Tomorrow ~ Monterey Bay Aquarium and then back to regularly scheduled working... but for now, catch up on the roadtrip in pics first (as well as a full map of where i've been and where i'm headed)?
Are elephants the new steadycams? Or the new paparazzi? (elephrazzi?) Are spy cam technologies finally being put to good use to capture incredible new nature footage? Does a tree trunk rendition of R2D2 really slip under a tigers radar as it rolls around the jungle floor?
Apparently YES! A three-part BBC One series: Tiger - Spy in the Jungle, which is narrated by Sir David Attenborough is the latest creation of John Downer who has been recording footage over a period of 3 years in the Pench National Park in India... using some ingenious "trunk-cams", which allowed the team to follow four newborn tiger cubs through adulthood. Although i've captured a bunch of screenshots after the jump (you never know when videos might disappear off the web and we have nothing to look back on!)... you MUST check out the videos over on the BBC page. For our lucky UK readers - the first programme of Tiger- Spy in the Jungle will be shown on BBC One on Sunday 30 March at 2000 GMT
While at CA Boom V, the Jonathan Ferrara Gallery had a booth with a mesmerizing series of Butterfly Installations by Paul Villinski. Apparently he is quite the recontextualist of found objects... transforming found gloves into dresses and comforters, wheelchairs and radio flyers into planes, and my favorite - beer cans into butterflies which when installed appear to be flying and fluttering with every breeze. Villinski's site describes this collection: "These pieces explore themes of transformation and recovery through the metamorphosis of crushed beer cans from the streets of New York into flocks of realistically crafted butterflies." See close ups of the CA Boom installation and others after the jump!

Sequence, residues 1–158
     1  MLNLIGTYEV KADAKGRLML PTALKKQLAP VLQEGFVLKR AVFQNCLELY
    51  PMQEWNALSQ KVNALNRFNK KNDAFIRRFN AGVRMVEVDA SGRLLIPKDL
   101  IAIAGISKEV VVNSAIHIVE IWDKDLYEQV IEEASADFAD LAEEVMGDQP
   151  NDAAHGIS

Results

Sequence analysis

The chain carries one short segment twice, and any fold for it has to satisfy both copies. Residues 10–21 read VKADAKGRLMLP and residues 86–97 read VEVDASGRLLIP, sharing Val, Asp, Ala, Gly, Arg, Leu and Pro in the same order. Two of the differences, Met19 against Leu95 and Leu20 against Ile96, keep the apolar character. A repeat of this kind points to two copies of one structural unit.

Inspiration comes not only in all shapes and sizes, but from literally anywhere... and all of us at NOTCOT have a particular fascination with the inspiration from nature (ok some more than others, since Justine picks nature over design with her phd studies!)... So when we heard about the new deep sea species found in Antarctica, and then found these high res images and video of them, we swooned. And realized we HAD to post them. Here's what we found out from the Australian Antarctic Division: "The return of the last of three Antarctic marine science research vessels marks the culmination of one of Australia's most ambitious International Polar Year projects, a census of life in the icy Southern Ocean known as the Collaborative East Antarctic Marine Census (CEAMARC). Australia's Aurora Australis and collaborating vessels L'Astrolabe (France) and Umitaka Maru (Japan) have returned from the Southern Ocean, their decks overflowing with a vast array of ocean life including a number of previously unknown species collected from the cold waters near the East Antarctic land mass." Some of the shapes and curves of these are just incredible... don't those tunicates look like glassy hearts? Lots of imagery after the jump!